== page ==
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June 27 2011


Liquid Newsroom - Nearby and global in its impact. A look into the future of journalism.

Many people have stopped reading newspapers on a daily base. Circulation figures are on the decline worldwide. Don't worry. It is a declining interest in a content presentation form not in reading. Demand for stories is still high. While on the move many already prefer access to stories worth reading at the time they like and wherever they are. But the stickiness to a specific story brand, a specific publisher, is also likely to lose its strength. Highly connected and globally aware, people are open for changes, new reading experiments, and experiences. We are already living in the era of News3.0.

Liquid Newsroom :: a typical working day

A (near) future day - my smartphone is always on. Push services send me short little messages of breaking news to my little device making information available wherever I am and at any time of the day. The latest push notification tells me, without going into too much detail, that the dictator in the North African country has now been arrested. It is enough to catch my attention. My tablet in my pocket allows me to read the follow up on the news online while driving through a rural area in Southern Bavaria, Germany. So far it is only a ticker message without much more concrete information and more and more questions pop up. Who has confirmed the news? Are photos already available as visual evidence or video footage to support what I read before?

The story is *hot* enough for me to decide to open a Liquid Newsroom, a virtual on-demand environment for collaborative writing. I label the topic *Northern Africa* and set up the topical *room* for it on-demand and in real-time. I quickly check my social network of trusted news sources - people in the area of interest, Nothern Africa to see whether anyone can be reached and can provide me with details or material. When the new topic working space on the Liquid Newsroom platform is opened, a new portal front-end comes into existence, where readers connected to the Internet via PC or mobile devices can easily check in to stay informed. The Liquid Newsroom is not run by a publisher, it is an on-demand network for publishing news as a team that can vary over time, only conneted via the topic they like to address.

A first flow of information hits my virtual desktop in the *Northern Africa" newsroom. News sources have started to pick up the story. But now it is time to guide my readers through the growing stream of information and update it, analyzing the value added by each of the new stories coming in. I publish the information I have gathered almost immediately to the front-end to create a constant flow of what's new to readers who opt-in to the content stream e.g. subscribing to the feed via their smartphone devices. They do not stay in a passive mode. Some are concerned about what's happening and return questions via the integrated Q&A-button in their smartphone app. The questions from the readers connected to the topic stream provide a constant feedback in the editing and updating process. Together with real-time statistics (active views, reading, retweets, and the like) monitored on the screen as well, I decide which stories to follow up. In the meantime, friends working and living in the East and West Coast of the US have joined my *Nothern Africa* Liquid Newsroom to work on the stories as well.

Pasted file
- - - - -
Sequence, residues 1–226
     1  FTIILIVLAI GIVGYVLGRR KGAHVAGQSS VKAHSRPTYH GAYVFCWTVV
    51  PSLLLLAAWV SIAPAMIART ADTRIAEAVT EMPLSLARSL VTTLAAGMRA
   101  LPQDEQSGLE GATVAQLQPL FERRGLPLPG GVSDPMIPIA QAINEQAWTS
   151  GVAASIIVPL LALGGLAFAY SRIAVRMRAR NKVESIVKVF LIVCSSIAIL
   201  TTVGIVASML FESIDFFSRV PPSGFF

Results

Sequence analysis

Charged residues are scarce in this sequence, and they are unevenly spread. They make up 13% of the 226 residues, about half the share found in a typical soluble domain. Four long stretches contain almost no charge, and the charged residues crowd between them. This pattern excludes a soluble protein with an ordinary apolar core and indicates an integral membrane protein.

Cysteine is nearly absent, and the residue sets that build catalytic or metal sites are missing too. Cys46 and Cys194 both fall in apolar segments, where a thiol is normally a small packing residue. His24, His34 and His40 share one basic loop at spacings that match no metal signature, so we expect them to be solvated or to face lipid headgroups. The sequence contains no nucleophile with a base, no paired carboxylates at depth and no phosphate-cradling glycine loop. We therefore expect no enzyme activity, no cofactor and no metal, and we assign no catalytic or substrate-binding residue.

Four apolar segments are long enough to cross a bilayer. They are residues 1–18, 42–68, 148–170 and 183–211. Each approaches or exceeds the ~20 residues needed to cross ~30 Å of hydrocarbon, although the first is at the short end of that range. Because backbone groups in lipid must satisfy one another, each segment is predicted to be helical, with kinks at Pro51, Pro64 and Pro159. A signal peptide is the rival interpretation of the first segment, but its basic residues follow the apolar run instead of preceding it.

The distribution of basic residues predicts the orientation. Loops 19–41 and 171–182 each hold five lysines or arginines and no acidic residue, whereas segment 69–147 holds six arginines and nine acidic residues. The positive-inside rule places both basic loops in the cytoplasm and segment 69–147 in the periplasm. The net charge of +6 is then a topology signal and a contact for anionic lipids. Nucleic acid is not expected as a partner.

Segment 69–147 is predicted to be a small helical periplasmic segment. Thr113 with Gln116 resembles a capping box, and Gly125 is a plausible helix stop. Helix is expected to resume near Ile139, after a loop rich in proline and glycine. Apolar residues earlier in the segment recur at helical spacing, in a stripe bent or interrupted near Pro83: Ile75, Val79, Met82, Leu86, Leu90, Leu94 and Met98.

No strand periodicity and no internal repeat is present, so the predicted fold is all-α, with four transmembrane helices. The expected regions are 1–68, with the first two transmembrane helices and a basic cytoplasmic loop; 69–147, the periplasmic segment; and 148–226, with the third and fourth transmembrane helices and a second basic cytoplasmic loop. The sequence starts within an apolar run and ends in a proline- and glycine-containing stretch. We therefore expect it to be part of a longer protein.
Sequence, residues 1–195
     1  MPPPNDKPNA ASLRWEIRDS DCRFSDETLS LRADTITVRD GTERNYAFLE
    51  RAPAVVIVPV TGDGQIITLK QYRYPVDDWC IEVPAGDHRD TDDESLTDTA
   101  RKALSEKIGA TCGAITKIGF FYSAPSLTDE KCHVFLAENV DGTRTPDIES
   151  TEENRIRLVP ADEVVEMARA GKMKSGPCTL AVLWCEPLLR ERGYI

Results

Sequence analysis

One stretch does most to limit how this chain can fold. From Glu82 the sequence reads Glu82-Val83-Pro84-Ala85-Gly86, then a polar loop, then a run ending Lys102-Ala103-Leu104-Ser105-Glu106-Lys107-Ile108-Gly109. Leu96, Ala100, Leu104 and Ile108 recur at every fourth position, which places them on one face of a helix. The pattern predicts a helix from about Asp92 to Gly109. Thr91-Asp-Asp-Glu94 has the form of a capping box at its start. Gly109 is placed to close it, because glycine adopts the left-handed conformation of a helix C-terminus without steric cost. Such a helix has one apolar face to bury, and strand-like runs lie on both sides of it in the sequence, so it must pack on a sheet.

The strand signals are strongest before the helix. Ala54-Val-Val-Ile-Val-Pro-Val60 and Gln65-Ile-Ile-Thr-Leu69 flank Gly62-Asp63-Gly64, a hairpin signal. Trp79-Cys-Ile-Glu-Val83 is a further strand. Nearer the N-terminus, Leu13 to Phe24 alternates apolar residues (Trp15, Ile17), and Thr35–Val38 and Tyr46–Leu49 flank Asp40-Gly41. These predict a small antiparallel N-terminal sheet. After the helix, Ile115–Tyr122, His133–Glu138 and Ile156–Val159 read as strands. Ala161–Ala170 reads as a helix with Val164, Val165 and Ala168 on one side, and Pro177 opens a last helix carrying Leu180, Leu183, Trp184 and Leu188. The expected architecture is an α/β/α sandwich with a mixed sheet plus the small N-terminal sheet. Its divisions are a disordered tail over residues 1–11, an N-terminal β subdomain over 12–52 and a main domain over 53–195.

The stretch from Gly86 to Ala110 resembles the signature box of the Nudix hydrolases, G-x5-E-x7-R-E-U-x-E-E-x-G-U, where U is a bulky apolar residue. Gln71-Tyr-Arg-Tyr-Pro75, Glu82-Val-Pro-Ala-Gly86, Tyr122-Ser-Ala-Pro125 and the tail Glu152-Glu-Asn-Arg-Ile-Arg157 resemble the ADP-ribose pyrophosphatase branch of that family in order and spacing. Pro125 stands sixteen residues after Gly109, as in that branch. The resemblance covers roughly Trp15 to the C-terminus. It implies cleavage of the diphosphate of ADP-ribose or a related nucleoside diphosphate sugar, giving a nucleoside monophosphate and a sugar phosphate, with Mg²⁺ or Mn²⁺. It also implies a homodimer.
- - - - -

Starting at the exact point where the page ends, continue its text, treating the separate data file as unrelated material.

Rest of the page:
I'm exhausted after hours of curating and am happy to pass the story lead on to these colleagues, knowing that they will pass it on in turn to Asian colleagues at the end of their day. In the virtual room we've already started to exchange thoughts via live chat, simultaneous editing of articles, and voice-over IP calls. Our discussion is interesting enough that we decide to make our editing process transparent on the corresponding website, so that readers can watch the process flow. It is time to relax and yes I know that after a few hours of sleep I will be back again.

Note: the platform is already in development. If you are interested please drop me a note and send me an email to steffen.konrath (at) im-boot.de

My article has been published in " I Read Where I Am. Exploring New Information Cultures." Compiled by Mieke Gerritzen, Geert Lovink, Minke Kampman. Graphic Design Museum, Breda Valiz, Amsterdam.

June 02 2011


You can only really follow 150 people on Twitter? Yes, if you "listen" to the newsstream

Time :: A team of researchers at Indiana University took a look at over 380 million tweets to find patterns in user behavior, the researchers concluded that there was a finite limit to the number of other Twitter users we could follow before becoming overwhelmed: somewhere between 100 and 200.

Does that makes sense? - Seems that even Facebook recently adopted similar findings, limiting your newsfeed to a more manageable 250 friends.

"You can only really follow 150 people on Twitter" - I disagree to some degree. It is possible to follow a much higher number of people if you use Twitter as a newsstream and not for point-to-point communication. For sure it is not possible to maintain quality relationships with all of them (and all my followers as well). But the more fascinating idea for me and the Liquid Newsroom research is, how we can filter the information stream to find the most relevant. I'm searching for a "breaking news" pattern, an identification signal long before a tweet is recognized as breaking by mainstream media. I call it "weak signals" theory.

Continue to read Chris Gayomali, techland.time.com

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September 24 2010


'Liquid Newsroom' Project Developed with Radical Openness

People often think it's best to hide their good ideas and develop them in secret. The goal is to beat the competition by emerging only once your concept is fully developed and ready to go. This can be the case with a new business, or a piece of journalism.

At the moment, though, people seem intrigued by the opposite approach. They say from the outset what they're trying to do. They use social media to think about and discuss the idea out in the open. They encourage other people join in and, in doing so, help create something new and daring, something that couldn't have been developed in secret solitude.